[antlr-interest] Re: More ANTLR meta-syntax questions

lgcraymer lgc at mail1.jpl.nasa.gov
Tue May 14 12:05:47 PDT 2002

> On Tuesday, May 14, 2002, at 01:13  AM, Brian Smith wrote:
> > (1) Why does ANTLR bother with seperating the lexical rules from 
> > parsing rules? In particular, it requires that lexical rules start 
> > an uppercase letter and parser rules start with a lowercase 
letter, and
> > the rules are defined in seperate sections. Is it just an enforced
> > (historical) convention or is there a philisophical reason for it? 

The reason is historical ANTLR implementation practice--right now, the 
grammar analysis depends on being able to distinguish token 
identifiers from rule identifiers.  That is done during parsing of 
grammar files because ANTLR uses a custom tree structure internally.  
If ANTLR were changed to use ASTs internally, it would be possible to 
maintain tables of lexer identifiers for use in the analysis phase and 
do away with the lexer/parser rule naming conventions.  I don't know 
if that is a good idea or not--the current distinction may help 

> > have found that even with my first grammer (a modified OCL 
grammar), I
> > wanted to move rules between the parser and the lexer fairly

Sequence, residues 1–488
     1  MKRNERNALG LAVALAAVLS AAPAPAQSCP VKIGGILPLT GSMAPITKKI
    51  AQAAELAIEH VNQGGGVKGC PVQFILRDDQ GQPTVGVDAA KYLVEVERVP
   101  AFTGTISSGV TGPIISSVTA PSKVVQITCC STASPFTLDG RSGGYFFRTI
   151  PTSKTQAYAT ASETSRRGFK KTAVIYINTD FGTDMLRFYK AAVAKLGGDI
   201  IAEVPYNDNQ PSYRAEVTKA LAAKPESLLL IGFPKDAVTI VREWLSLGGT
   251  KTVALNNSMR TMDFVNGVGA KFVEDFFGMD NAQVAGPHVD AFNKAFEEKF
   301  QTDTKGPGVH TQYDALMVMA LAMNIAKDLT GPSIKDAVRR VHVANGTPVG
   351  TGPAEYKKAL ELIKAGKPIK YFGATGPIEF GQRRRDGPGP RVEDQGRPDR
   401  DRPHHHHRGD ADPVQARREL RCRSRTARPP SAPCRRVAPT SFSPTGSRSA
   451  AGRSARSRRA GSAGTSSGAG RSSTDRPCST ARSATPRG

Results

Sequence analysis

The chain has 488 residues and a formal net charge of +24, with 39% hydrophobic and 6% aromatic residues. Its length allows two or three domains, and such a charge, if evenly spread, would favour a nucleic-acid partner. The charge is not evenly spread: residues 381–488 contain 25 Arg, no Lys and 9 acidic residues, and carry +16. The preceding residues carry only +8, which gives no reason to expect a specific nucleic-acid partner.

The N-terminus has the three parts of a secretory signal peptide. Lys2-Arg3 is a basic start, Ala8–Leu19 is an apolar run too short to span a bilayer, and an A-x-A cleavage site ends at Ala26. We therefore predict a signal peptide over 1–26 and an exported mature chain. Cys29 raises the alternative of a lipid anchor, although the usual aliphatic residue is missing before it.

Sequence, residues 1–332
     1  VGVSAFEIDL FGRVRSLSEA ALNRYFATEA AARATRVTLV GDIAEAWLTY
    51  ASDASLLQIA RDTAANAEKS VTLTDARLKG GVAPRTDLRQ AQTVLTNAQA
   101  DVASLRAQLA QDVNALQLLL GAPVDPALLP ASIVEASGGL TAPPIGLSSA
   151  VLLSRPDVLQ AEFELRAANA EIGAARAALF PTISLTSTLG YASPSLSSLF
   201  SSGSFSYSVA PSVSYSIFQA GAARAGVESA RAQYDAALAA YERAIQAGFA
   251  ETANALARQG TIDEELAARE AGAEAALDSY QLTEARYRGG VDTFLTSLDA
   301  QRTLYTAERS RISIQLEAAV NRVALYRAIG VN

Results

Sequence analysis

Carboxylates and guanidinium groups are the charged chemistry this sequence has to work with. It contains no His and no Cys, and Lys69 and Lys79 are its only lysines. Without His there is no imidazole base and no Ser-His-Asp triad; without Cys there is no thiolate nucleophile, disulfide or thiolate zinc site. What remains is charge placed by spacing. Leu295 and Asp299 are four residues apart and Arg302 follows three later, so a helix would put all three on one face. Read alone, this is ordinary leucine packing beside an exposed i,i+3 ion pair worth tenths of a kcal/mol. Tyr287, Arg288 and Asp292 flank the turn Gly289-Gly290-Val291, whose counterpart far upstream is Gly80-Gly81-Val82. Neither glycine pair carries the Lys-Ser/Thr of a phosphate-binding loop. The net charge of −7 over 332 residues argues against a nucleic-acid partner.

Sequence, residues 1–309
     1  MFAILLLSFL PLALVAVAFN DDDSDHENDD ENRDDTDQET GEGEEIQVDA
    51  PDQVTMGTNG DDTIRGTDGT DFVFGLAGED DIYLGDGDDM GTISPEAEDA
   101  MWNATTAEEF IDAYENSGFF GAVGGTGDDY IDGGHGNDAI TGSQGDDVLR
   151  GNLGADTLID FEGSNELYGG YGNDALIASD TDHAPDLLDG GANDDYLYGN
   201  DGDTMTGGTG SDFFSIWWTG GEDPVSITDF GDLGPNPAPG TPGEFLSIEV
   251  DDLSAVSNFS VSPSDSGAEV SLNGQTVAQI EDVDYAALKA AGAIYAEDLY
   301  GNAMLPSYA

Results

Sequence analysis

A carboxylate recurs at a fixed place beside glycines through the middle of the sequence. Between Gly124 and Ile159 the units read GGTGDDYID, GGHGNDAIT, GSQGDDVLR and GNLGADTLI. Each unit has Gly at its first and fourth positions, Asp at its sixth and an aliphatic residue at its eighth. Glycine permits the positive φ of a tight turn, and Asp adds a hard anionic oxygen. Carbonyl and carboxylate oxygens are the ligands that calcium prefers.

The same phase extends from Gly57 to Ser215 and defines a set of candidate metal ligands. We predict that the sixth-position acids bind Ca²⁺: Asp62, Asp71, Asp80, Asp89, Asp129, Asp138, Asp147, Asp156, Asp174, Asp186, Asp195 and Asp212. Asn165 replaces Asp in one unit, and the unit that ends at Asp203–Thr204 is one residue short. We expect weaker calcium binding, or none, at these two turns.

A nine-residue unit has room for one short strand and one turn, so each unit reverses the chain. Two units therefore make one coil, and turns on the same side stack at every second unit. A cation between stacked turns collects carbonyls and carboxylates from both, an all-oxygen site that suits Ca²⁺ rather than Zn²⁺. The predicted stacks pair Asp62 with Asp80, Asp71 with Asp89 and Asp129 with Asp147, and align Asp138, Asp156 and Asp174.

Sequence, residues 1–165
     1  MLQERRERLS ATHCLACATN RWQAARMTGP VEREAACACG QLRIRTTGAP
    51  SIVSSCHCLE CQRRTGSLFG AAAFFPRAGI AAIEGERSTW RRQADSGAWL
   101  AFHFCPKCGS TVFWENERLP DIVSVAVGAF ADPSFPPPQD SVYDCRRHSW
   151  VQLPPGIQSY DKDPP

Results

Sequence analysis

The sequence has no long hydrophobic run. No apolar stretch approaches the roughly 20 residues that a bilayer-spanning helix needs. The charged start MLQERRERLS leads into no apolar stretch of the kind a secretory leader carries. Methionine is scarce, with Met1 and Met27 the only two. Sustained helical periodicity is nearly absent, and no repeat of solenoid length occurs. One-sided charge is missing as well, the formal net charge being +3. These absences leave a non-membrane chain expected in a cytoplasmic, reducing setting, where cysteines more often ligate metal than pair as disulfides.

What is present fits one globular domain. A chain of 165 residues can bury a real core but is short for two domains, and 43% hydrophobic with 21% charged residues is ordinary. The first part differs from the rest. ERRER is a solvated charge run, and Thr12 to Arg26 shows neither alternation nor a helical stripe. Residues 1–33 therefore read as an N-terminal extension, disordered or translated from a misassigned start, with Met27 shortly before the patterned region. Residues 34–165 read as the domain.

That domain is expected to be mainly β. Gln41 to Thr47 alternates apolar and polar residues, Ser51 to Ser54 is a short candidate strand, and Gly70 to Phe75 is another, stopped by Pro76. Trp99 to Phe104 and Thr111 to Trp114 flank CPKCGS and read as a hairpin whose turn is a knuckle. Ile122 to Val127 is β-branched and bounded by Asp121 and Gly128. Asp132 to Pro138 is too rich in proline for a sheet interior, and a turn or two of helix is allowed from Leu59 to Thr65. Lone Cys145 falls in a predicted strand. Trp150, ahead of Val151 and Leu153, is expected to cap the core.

freely but

That is unusual--most of the time, you can just cut and paste a lexer 
grammar from one of the ANTLR examples and modify as appropriate.

> > each time I was forced to do a search and replace on the grammar 
file to
> > change letter case, even though the rule body was exactly the 
> > Also, I have found that the ANTLR syntax makes the distinction 
> > lexer and parser seem almost arbitrary since they are both 
> > with EBNF.

It does the same for tree grammars, too, and that can be confusing 
because ANTLR uses only one token of lookahead/lookdown (trees are not 
streams) when treewalking.  Also, lexer rules cannot have tree 
annotations ( ^ ! ), and parsers can only apply ^ to tokens.  EBNF 
describes the common syntax of lexers, parsers, and tree walkers; 
however each type of grammar extends on this base.  Lexer grammars 
have characters--'a'--parsers and tree walkers have tree annotations 
(^ !), and tree walkers have roots ( #( ).

--Loring Craymer


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